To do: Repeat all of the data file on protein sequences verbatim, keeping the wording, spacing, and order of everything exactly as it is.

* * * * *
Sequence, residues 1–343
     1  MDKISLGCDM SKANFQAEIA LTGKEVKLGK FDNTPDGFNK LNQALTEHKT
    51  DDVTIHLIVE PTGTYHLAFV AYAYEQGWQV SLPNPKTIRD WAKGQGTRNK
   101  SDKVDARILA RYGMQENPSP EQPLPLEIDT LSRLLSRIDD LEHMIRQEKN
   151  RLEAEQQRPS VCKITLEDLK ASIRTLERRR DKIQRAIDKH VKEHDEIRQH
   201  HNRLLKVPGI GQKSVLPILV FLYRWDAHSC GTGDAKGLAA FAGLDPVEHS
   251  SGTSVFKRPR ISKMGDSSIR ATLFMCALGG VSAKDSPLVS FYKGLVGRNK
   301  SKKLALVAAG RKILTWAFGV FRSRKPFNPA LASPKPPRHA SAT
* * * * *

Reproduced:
Sequence, residues 1–343
     1  MDKISLGCDM SKANFQAEIA LTGKEVKLGK FDNTPDGFNK LNQALTEHKT
    51  DDVTIHLIVE PTGTYHLAFV AYAYEQGWQV SLPNPKTIRD WAKGQGTRNK
   101  SDKVDARILA RYGMQENPSP EQPLPLEIDT LSRLLSRIDD LEHMIRQEKN
   151  RLEAEQQRPS VCKITLEDLK ASIRTLERRR DKIQRAIDKH VKEHDEIRQH
   201  HNRLLKVPGI GQKSVLPILV FLYRWDAHSC GTGDAKGLAA FAGLDPVEHS
   251  SGTSVFKRPR ISKMGDSSIR ATLFMCALGG VSAKDSPLVS FYKGLVGRNK
   301  SKKLALVAAG RKILTWAFGV FRSRKPFNPA LASPKPPRHA SAT